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Norwegian chef charged with cocaine possession in Bequia

A Norwegian chef was, on Monday, brought before the Serious Offences Court in Kingstown, charged with cocaine possession.

Dan Martinsen, 29, pleaded guilty to a charge that on Friday, Nov. 30, at Port Elizabeth, Bequia, he had in his possession a controlled drug, to wit, 0.30 grammes of cocaine.

The court heard that on Friday, Corporal 403 John and Police Constable 761 Pompey of the Rapid Response Unit were on foot patrol duty about Port Elizabeth.

They were dressed in plain clothes.

While the officers were walking near the home of McArthur Leach, Pompey saw Martinsen standing outside Leach’s bedroom window while another man was standing in the yard.

The police officers kept the man under observation and Pompey saw Martinsen collect something through the window.

At this point, Pompey pointed his flashlight toward the defendant and turned it on.

The man who was standing in the yard shouted, “Police!”

At this point, Martinsen dropped an aluminium foil wrapping to the ground.

When the police retrieved the wrapping, it was found to contain a whitish substance resembling cocaine.

When cautioned, Martinsen replied, “That is not mine.

The man was arrested and charged.

Martinsen pleaded guilty to the charge when he appeared before Chief Magistrate Rechanne Browne.

In mitigation, Martinsen said he had had quite a few beers.

He said a man had approached him and asked him if he wanted to buy something but that he had no intention of doing so.

Martinsen told the court that he was really sorry for his action.

“I am really not that bad of a guy,” Martinsen said.

Browne told Martinsen that while St. Vincent and the Grenadines welcomes persons to visit and enjoy the country, visitors must also obey the laws of the country.

She noted that he had pleaded guilty at the first opportunity and had no previous convictions in the jurisdiction.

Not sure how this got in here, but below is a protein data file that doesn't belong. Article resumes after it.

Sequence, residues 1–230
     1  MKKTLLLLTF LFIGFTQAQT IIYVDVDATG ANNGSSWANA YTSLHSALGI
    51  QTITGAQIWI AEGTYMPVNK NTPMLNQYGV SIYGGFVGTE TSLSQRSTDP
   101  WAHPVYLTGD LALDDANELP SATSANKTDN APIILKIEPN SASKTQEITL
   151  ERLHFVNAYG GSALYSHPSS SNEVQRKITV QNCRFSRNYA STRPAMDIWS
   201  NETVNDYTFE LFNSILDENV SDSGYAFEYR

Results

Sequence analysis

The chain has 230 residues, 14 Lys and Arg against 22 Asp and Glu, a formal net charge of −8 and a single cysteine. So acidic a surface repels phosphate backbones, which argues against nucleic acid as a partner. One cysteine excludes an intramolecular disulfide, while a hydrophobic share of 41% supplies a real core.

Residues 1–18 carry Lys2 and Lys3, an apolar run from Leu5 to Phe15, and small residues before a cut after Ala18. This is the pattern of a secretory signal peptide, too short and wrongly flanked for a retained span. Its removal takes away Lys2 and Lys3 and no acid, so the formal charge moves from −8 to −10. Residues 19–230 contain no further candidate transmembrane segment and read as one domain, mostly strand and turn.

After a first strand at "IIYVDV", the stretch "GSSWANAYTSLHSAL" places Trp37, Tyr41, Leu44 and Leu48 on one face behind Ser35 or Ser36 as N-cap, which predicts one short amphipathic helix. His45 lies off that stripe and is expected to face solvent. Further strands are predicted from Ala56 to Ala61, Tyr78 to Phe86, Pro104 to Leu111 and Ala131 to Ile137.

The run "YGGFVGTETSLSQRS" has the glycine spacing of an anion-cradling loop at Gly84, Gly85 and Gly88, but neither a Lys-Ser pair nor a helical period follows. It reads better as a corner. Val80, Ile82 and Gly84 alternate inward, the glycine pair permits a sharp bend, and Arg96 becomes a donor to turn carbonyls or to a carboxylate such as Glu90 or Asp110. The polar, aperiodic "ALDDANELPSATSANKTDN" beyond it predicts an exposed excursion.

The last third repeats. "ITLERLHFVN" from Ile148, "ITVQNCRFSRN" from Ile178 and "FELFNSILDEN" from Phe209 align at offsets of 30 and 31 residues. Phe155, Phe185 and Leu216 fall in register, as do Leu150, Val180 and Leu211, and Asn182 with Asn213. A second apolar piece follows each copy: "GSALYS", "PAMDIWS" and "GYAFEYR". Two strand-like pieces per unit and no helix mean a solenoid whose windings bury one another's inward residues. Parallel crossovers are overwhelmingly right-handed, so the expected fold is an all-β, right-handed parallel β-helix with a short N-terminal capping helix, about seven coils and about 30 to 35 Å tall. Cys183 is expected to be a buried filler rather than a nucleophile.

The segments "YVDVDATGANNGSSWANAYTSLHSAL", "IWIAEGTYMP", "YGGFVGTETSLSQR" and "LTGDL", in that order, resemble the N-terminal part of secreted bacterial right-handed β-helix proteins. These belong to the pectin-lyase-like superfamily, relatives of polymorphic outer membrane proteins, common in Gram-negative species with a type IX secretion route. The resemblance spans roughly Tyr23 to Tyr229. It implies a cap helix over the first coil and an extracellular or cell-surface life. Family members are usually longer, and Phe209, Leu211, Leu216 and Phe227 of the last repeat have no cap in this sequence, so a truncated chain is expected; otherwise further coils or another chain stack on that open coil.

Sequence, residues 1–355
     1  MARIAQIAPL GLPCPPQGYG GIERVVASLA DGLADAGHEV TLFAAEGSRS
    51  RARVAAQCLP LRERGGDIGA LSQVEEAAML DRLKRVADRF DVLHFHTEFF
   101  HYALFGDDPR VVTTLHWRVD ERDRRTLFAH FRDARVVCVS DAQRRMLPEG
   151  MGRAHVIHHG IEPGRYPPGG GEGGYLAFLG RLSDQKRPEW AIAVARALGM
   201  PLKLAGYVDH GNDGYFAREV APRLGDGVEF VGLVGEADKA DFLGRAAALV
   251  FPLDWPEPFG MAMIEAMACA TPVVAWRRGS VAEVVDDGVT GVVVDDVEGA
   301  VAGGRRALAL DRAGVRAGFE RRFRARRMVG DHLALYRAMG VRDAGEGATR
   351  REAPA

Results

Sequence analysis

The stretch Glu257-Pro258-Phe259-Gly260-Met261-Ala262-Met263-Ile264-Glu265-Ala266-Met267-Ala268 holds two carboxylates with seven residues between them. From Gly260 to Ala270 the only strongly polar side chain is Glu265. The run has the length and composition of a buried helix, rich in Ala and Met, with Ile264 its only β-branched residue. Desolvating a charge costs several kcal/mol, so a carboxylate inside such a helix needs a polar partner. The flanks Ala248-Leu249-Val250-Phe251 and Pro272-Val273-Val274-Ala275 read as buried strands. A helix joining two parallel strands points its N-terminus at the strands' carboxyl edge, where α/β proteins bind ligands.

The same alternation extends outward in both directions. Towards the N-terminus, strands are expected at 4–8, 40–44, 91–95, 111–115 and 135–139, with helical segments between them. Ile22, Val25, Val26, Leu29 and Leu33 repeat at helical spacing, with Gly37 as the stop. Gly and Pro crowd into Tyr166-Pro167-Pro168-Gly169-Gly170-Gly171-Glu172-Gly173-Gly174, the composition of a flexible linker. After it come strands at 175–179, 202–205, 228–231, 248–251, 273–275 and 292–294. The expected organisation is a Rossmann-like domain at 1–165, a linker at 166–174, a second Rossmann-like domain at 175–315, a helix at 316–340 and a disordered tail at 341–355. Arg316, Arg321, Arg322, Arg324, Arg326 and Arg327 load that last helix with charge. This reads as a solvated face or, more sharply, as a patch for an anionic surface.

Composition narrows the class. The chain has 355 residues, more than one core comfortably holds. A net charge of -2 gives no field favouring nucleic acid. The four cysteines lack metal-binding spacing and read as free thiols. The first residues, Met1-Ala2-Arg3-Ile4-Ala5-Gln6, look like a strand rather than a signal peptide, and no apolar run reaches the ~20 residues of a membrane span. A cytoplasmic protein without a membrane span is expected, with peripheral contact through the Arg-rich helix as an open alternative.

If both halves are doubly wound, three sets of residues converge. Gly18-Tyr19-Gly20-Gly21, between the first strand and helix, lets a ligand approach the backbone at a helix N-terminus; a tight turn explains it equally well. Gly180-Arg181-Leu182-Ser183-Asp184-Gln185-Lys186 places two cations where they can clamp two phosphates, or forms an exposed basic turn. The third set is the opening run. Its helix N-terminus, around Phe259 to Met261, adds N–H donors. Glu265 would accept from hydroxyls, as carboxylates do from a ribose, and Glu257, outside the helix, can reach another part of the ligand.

The magistrate further noted that Martinsen had spent the weekend in custody and, therefore, sentenced him to time served in custody.

Comments (8)

  1. From “it’s not mine” to “Guilty.” I guess your time in custody brought with it some common sense, which was apparent in your guilty plea so as to not waste the court’s time. Hopefully it will be a lesson learned!

    Kudos to the two Officers for their excellent work!

  2. TIME IN POLICE CUSTODY – DANGEROUS PRECEDENT

    From professional knowledge, the time any person has spent in the custody of the Police while investigations were being conducted, has absolutely nothing to do with the Magistracy.

    This so for three reasons,

    (i) …the Constitution allows for 48 hours detention by the Police;

    (ii) …Sundays and public holidays are not Court days, and as such are not counted.’

    Thus, this defendant had spent less than 48 hours in Police detention/arrest;

    (iii) …Until his appearance on Monday, the defendant was never remanded at prison by any Magistrate on
    the particular charge.

    Mindbogglingly the prosecutor appeared not to have gently raised these with the Court.’
    This speaks to a very ‘…Dangerous Precedent.’

    It begs the questions

    ‘…Did the Magistrate goofed? Did the prosecutor cowed into silent agreement?

    Bridges are not crossed until they are met, but w ‘…What may happen to others who spent weekends with the Police, then appear before Magistrates on Monday and plead guilty to their charges?’

    Attorneys know what to do when Police held their clients for more than 48 hours,

    They could apply to the High Court for a ‘…Writ of Habeas.Corpus’ (order of the High Court commanding the Commissioner of Police to bring the person detained to show justification for breaching the Constitution).

    Magistrates have no jurisdiction for this course of action.

    • Doesn’t the magistrate have the jurisdiction to not have imposed a custodial sentence or even discharge the defendant on his own recognizance (based on the quantity of the drugs and sentencing guidelines), inter alia?

      This happens all the time and I see no need to harp on the fact that he stated that the defendant had spent time in custody, as his ruling (which is all that matters) is in line with sentencing guidelines for the charge.

      I see no precedent set but an attempt by you to make a mountain out of a molehill.

  3. Were there other factors taken into account that we are not aware of? This is disturbing. I hope its not because of his phenotype.

  4. What did the police officers do with the people in the house selling the drugs. Were they locals or visitors? Were they also arrested? Was the house searched for additional drugs? Too many questions that need to be answered. Will we ever know the rest of the story?

  5. I wonder what the cost is of a day in court for .3 gm of coke?. What happened to the other people at the house? LOL.

  6. It looks like the police knew where to stand, what window to watch, and the exact non-local customer to look out for. Why was he even taken in? Was it because the chef was unaware of the custom of offering something to help convince police that the tin foil contents were not his?

    And yet local crime such as theft, home robbery, and property damage against visitors continues to go unsolved. It’s only a matter of time until the well that SVG so callously taps will run dry.

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